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Thread: LLVM/Clang 3.3 Performing Against GCC For Old Intel CPU

  1. #1
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    Default LLVM/Clang 3.3 Performing Against GCC For Old Intel CPU

    Phoronix: LLVM/Clang 3.3 Performing Against GCC For Old Intel CPU

    Generally when delivering new Linux compiler benchmarks on Phoronix it's from x86/ARM hardware within the past two years. It's the most recent generations of hardware that excites us the most and generally where the professional Linux software developers are focusing their time and resources. However, after seeing the recent LLVM/Clang 3.3 performance improvements for this forthcoming open-source compiler release, we decided to go back a bit in CPU history.

    http://www.phoronix.com/vr.php?view=18671

  2. #2
    Join Date
    Jul 2011
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    Thanks for the interesting test!

    I had wished to get a stronger conclusion here: The results are pretty strong, so I think you could say more than just that LLVM is close to on-par with GCC.

    So I generated a table of the results myself (It would be cool if this were already in the conclusion):

    Benchmark results summary.

    Higher is always better (if less was better, I took the inverse)

    Code:
    |                    |              GCC | LLVM (the better one) | relative (GCC/LLVM) |
    |--------------------+------------------+-----------------------+---------------------|
    | HMMer              |  0.0151331719128 |       0.0125786163522 |  1.2030871670677201 |
    | MAFFT              |  0.0292056074766 |       0.0284495021337 |   1.026577102802947 |
    | GM Blur            |               30 |                    34 |  0.8823529411764706 |
    | GM Sharpen         |               16 |                    22 |  0.7272727272727273 |
    | GM Resizing        |               41 |                    40 |               1.025 |
    | GM Color Space     |               55 |                    42 |  1.3095238095238095 |
    | Himeno Pressure    |           672.19 |                636.89 |  1.0554255836957718 |
    | C-Ray              | 5.88373734996e-3 |      5.63920374443e-3 |  1.0433631442686448 |
    | Primesieve         |  2.1435767722e-3 |      1.06682597935e-3 |  2.0093031231823275 |
    | Apache             |          5814.74 |               5943.17 |  0.9783903203172717 |
    |--------------------+------------------+-----------------------+---------------------|
    | Average            |                  |                       |  1.1260295919307688 |
    | Standard deviation |                  |                       | 0.34831009079240405 |
    #+TBLFM: @2$4..@11$4='(/ (float $2) (float $3));N::@12$4='(/ (apply '+ '( @2$4..@11$4 )) 10.0);N::@13$4='(progn (defun std (&rest samples) "Compute the standard deviation of the given samples."  (let ((mean (/ (apply '+ samples) (length samples))) (dev 0)) (loop for sample in samples do (setq dev (+ dev (* (- sample mean) (- sample mean))))) (sqrt (/ dev (max 1 (1- (length samples))))))) (apply 'std'( @2$4..@11$4 )));N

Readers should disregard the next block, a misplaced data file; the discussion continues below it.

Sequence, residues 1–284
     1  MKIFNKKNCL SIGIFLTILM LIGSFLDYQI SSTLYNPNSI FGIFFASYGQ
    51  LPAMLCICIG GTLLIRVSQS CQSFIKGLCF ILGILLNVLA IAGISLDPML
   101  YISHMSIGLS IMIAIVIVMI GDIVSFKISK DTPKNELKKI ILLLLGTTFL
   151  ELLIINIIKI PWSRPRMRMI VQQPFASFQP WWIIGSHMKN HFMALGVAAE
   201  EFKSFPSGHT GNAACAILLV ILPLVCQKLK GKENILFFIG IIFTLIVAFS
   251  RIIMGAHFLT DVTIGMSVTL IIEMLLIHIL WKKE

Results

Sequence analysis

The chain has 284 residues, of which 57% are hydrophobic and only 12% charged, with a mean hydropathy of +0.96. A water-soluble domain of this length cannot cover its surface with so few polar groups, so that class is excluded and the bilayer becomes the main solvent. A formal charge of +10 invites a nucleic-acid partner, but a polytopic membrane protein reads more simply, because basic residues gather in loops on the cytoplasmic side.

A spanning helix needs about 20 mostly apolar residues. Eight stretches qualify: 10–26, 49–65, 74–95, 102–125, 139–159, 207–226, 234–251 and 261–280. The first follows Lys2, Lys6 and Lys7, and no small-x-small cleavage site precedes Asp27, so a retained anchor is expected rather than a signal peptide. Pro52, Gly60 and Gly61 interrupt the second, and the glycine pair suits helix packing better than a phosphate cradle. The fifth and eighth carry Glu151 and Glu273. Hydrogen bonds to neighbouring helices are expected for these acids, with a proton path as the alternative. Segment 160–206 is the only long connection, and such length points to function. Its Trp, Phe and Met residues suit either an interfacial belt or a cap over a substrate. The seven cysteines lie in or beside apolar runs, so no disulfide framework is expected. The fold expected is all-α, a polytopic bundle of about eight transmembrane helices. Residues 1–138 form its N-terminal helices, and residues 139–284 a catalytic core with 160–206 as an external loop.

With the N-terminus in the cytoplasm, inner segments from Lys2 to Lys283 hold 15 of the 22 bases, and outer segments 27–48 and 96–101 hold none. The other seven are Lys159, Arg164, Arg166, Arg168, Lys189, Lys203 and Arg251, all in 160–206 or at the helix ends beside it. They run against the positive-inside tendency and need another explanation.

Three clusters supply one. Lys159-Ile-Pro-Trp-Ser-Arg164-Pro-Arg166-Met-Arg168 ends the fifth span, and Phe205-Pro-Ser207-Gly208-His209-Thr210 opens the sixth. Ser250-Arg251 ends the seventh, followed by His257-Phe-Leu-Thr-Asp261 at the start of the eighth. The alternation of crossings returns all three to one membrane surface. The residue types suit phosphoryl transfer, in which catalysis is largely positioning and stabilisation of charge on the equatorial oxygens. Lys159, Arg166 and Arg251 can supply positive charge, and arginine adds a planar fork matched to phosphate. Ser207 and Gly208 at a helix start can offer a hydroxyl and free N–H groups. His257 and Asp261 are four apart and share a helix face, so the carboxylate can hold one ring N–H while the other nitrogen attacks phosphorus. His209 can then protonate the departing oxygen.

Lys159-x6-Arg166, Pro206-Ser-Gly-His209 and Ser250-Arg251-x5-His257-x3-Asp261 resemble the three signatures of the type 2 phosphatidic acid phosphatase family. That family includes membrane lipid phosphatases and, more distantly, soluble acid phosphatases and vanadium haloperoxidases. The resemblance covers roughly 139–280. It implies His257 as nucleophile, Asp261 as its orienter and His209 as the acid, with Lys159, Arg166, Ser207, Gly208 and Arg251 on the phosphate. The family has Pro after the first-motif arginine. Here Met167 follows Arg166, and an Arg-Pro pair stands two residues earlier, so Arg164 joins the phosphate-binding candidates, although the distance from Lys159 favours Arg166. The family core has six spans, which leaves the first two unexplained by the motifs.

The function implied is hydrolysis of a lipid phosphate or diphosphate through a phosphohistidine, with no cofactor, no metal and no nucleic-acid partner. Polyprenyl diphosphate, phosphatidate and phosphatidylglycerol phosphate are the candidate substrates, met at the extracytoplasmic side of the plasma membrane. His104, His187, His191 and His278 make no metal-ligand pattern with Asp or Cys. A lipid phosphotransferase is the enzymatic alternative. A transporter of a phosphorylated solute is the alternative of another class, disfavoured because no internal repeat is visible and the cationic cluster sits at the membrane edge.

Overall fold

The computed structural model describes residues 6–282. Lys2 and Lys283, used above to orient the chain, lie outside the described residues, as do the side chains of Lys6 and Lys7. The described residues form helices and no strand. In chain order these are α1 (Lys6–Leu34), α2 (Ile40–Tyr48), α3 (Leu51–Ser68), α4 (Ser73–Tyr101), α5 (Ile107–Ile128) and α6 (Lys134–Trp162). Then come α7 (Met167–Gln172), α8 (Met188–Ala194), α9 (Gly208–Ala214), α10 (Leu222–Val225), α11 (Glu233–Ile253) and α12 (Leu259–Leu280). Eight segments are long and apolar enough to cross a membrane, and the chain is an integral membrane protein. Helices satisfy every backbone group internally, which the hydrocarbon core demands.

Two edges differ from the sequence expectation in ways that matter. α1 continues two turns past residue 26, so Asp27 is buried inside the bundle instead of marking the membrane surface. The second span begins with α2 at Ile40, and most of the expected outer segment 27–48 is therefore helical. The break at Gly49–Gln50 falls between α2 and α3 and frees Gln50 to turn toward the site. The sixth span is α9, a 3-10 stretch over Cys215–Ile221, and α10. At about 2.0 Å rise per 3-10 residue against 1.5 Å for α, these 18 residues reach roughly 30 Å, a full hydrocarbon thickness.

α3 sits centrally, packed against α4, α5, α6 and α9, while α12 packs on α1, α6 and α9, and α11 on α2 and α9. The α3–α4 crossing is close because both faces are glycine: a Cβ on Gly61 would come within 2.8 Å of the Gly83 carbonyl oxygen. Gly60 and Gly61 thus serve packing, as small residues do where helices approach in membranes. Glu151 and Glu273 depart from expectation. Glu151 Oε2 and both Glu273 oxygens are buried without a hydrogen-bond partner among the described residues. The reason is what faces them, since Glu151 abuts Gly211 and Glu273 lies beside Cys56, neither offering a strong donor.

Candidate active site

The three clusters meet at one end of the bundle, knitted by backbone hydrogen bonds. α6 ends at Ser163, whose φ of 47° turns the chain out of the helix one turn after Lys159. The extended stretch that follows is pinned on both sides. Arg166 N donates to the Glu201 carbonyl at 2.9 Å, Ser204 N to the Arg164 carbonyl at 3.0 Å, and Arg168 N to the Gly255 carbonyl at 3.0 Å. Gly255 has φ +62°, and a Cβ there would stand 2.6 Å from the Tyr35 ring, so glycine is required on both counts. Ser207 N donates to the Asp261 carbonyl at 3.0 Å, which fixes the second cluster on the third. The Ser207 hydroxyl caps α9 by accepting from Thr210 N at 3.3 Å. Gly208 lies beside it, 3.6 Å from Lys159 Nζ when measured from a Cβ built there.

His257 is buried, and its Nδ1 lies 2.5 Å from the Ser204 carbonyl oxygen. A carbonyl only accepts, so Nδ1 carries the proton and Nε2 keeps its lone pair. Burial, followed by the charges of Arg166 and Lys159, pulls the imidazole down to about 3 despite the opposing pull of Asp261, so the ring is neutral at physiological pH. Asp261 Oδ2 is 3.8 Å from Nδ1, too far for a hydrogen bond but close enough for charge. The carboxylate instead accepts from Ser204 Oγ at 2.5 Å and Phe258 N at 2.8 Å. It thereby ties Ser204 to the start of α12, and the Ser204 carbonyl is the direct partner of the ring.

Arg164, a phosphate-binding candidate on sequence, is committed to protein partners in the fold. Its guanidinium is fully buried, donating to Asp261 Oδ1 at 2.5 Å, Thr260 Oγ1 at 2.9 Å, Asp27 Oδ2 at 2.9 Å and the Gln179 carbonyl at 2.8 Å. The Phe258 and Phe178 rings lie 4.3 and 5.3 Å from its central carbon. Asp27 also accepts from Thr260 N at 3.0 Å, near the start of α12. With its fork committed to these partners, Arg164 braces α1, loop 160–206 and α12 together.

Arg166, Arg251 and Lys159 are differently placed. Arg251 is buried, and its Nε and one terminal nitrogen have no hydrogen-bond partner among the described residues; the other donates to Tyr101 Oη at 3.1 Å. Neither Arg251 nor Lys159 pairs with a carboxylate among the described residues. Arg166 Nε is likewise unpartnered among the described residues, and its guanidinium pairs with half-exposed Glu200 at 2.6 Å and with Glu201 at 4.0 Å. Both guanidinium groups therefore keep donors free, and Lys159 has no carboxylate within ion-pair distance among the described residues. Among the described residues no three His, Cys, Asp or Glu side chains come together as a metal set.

If you’d do the same evaluation for each LLVM version, you could actually say which of them is better.

    Currently the results show that on average GCC is over 12% faster than LLVM, but that the tests differ widely by area: In Primesieve, database search and Graphics Magic colorspace GCC wins by over 20%, in Graphics Magic Blur and Sharpen it loses by more than 10%. The rest of the differences is small.

    PS: Table calculated using the given table formula in Emacs Org-mode.

    PPS: I left out the PHP compilation because it does not say anything about the efficiency of the result.
    Last edited by ArneBab; 04-24-2013 at 10:00 AM.

  3. #3
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    The openbenchmarking site lets you do summaries like that.

  4. #4
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    Quote Originally Posted by curaga View Post
    The openbenchmarking site lets you do summaries like that.
    I did not find how I can do that easily (when I checked last time). Also that is not the point: The point is, that this information would be additional value for the article: Not only providing raw data but also some interpretation.

  5. #5

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    Quote Originally Posted by ArneBab View Post
    I did not find how I can do that easily (when I checked last time). Also that is not the point: The point is, that this information would be additional value for the article: Not only providing raw data but also some interpretation.
    A concise table won't be added to articles themselves since readers should be clicking on every page anyhow if they wish to learn all the information.

  6. #6
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    Quote Originally Posted by Michael View Post
    A concise table won't be added to articles themselves since readers should be clicking on every page anyhow if they wish to learn all the information.
    I think that sad, but if it works best for you Iíll have to accept it.

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